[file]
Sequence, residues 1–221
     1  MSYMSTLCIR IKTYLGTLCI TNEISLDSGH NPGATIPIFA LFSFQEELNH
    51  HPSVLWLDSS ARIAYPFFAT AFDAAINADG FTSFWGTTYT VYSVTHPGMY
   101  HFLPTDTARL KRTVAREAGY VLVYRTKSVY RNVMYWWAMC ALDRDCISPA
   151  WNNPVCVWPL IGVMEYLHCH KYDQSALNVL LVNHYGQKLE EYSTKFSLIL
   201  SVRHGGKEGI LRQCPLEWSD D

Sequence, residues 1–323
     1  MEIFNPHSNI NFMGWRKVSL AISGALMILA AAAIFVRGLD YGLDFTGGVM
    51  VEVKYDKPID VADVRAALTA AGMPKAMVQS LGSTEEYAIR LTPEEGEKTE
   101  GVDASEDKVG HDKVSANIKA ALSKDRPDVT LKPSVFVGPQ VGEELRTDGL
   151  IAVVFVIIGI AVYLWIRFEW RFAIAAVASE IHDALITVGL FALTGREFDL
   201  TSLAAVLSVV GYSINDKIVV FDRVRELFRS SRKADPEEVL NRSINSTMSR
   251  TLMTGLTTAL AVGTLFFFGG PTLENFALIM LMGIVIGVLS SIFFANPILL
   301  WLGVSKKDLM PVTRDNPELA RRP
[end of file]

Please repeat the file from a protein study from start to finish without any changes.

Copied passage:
Sequence, residues 1–221
     1  MSYMSTLCIR IKTYLGTLCI TNEISLDSGH NPGATIPIFA LFSFQEELNH
    51  HPSVLWLDSS ARIAYPFFAT AFDAAINADG FTSFWGTTYT VYSVTHPGMY
   101  HFLPTDTARL KRTVAREAGY VLVYRTKSVY RNVMYWWAMC ALDRDCISPA
   151  WNNPVCVWPL IGVMEYLHCH KYDQSALNVL LVNHYGQKLE EYSTKFSLIL
   201  SVRHGGKEGI LRQCPLEWSD D

Sequence, residues 1–323
     1  MEIFNPHSNI NFMGWRKVSL AISGALMILA AAAIFVRGLD YGLDFTGGVM
    51  VEVKYDKPID VADVRAALTA AGMPKAMVQS LGSTEEYAIR LTPEEGEKTE
   101  GVDASEDKVG HDKVSANIKA ALSKDRPDVT LKPSVFVGPQ VGEELRTDGL
   151  IAVVFVIIGI AVYLWIRFEW RFAIAAVASE IHDALITVGL FALTGREFDL
   201  TSLAAVLSVV GYSINDKIVV FDRVRELFRS SRKADPEEVL NRSINSTMSR
   251  TLMTGLTTAL AVGTLFFFGG PTLENFALIM LMGIVIGVLS SIFFANPILL
   301  WLGVSKKDLM PVTRDNPELA RRP